Allendale, MI (PRWEB) February 28, 2013
A hockey player’s birthday strongly biases how professional teams assess his talent, according to a new study by Grand Valley State University researchers. The findings were published in the online journal PLOS ONE at http://dx.plos.org/10.1371/journal.pone.0057753.
The research, led by Robert Deaner, associate professor of psychology at Grand Valley State, shows that, on average, National Hockey League (NHL) draftees born between July and December are much more likely than those born in the first three months of the year to have successful careers. In particular, 34 percent of draftees were born in the last six months of the year, but these individuals played 42 percent of the games and scored 44 percent of the points accumulated by those in the study. By contrast, those born in the first three months of the year constituted 36 percent of draftees but only played 28 percent of the games and only scored 25 percent of the points.
The study focused on Canadian players because in Canadian youth ice hockey there is a January 1 cut-off date. This means players born later in the year would have been consistently younger than their age group peers.
“There’s no doubt that drafting professional athletes is an inexact science,” said Deaner. “Plenty of sure-fire first-round picks fizzle while some late-round picks unexpectedly become stars. But our results show that, at least since 1980, NHL teams have been consistently fooled by players’ birthdays or something associated with them. They greatly underestimate the promise of players born in the second half of the year, the ones who have always been relatively younger than their peers. For any given draft slot, relatively younger players are about twice as likely to be successful. So if teams really wanted to win, they should have drafted more of the relatively younger players.”
BACKGROUND AND SIGNIFICANCE
Previous studies have demonstrated relative age effects (RAEs), which occur when those who are relatively older for their age group are more likely to succeed. For example, in elite Canadian youth ice hockey, roughly 40 percent of players are born in the first three months of the year while only 15 percent are born in the last three months. Although RAEs are well established in many sports and educational settings, their underlying causes remain unclear. The new study provides the most direct evidence yet that selection bias is a crucial cause of RAEs. Selection bias means that evaluators, such as teachers and coaches, grant fewer opportunities to relatively younger individuals than is warranted by their talent.
“There are many possible causes of RAEs,” said Deaner. “For instance, a youth coach may mainly select relatively older players because those players’ greater size means they are actually more likely to help the team. Researchers believe, however, that selection bias is also a big cause of RAEs, but there has never been a direct test of selection bias. We could make this test because we had a good measure of perceived talent, the order or slot in which each player was drafted. And we had good measures of realized talent, how long they were able to stay in the NHL and how many points they scored there. Because relatively younger players consistently performed better than would be expected based on their draft slots, we’ve shown selection bias.”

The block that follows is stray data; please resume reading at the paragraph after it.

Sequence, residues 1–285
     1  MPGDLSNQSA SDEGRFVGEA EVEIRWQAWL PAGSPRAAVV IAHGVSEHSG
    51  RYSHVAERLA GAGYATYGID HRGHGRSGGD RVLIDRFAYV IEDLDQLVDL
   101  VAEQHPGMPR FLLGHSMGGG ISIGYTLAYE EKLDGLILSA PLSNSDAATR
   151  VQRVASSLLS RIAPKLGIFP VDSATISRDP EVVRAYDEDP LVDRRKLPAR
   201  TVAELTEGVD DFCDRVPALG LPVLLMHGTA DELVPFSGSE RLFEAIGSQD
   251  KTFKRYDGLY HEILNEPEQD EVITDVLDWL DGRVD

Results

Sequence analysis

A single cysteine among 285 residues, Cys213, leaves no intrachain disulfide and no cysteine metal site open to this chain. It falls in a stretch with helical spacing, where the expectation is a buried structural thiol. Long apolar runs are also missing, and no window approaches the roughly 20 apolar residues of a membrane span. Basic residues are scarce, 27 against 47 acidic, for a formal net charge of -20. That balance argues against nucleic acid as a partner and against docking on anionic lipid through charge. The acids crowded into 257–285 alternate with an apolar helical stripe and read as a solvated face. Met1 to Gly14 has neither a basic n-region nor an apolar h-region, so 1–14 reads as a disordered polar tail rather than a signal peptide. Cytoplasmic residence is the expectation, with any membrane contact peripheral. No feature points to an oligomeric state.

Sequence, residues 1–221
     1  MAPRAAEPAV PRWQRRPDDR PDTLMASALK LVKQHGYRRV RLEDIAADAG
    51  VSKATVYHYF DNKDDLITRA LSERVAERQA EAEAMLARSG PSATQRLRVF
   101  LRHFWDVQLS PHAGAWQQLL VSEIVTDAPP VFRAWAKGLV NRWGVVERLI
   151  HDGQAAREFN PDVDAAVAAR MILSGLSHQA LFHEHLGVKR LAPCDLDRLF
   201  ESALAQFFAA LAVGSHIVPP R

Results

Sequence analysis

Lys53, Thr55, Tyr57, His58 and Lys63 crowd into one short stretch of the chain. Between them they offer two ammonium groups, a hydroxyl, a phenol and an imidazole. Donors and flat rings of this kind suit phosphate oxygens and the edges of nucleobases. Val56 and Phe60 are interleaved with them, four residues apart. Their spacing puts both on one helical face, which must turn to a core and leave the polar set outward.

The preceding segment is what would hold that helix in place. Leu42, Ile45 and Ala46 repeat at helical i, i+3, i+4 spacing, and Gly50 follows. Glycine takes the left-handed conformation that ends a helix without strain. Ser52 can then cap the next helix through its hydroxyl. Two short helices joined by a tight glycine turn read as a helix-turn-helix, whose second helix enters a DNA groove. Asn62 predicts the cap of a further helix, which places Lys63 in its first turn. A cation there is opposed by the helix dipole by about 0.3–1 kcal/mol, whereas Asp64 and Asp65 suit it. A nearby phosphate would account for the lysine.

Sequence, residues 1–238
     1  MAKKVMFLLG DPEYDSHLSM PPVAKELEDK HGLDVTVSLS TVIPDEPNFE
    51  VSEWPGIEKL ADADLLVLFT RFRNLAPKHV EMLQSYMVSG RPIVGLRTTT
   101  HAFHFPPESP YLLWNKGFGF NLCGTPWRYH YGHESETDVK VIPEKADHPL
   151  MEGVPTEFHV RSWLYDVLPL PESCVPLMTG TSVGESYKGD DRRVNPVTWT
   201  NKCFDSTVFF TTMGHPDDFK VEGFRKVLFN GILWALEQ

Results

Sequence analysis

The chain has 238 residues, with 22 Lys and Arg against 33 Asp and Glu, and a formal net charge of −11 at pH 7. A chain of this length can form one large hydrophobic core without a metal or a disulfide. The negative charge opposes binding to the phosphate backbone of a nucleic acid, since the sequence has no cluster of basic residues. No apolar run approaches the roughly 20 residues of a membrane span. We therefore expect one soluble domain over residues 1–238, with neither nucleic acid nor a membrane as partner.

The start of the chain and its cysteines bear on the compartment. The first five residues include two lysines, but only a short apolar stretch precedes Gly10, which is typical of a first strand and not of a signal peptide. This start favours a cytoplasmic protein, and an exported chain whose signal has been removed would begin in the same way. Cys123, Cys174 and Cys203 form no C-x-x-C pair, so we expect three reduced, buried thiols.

The researchers admit that they don’t fully understand the selection bias they discovered. “We don’t know yet why the evaluations of NHL teams are biased, but there are several ways it could work. Because being many months older than one’s peers can be a big advantage as a child or early teen, the relatively older players might be more likely to be on the most elite junior teams when they are 17 or 18, and scouts might be swayed by that,” said Deaner. “Another possibility, suggested by educational studies, is an ‘underdog’ effect. This would involve relatively younger individuals developing better work habits so that they improve more in adulthood.”
The authors believe their pro hockey results have implications for education. Deaner noted: “We have to be careful about assuming too much because a teacher deciding which children should be tracked into advanced classes is a much different situation than hockey teams assessing which adults are likely to develop into NHL stars. But, for many reasons, one would think that NHL teams should be less biased than educators. First, NHL teams are evaluating adults not children, meaning that relative age differences are proportionally smaller. Second, NHL teams are aware of RAEs, but educators may not be. Third, NHL teams have vast resources to evaluate individuals while educators do not. Fourth, NHL teams pay a steep price for poor evaluation whereas educators may not. So overall, in many situations, evaluations of ability may be greatly colored by an individual’s relative age. This may even happen when the teachers and coaches know about RAEs.”
Co-authors of the study were Aaron Lowen of Grand Valley State University and Steven Cobley of the University of Sydney.
For more information, contact Robert Deaner at robert.deaner(at)gmail(dot)com.
Robert Deaner joined the Psychology Department at Grand Valley State University in 2006. He earned a doctorate in biological anthropology and anatomy at Duke University and conducted postdoctoral research in the Department of Neurobiology at Duke. His research focuses on applying evolutionary theory to human behavior and investigating sex differences in performance and motivation.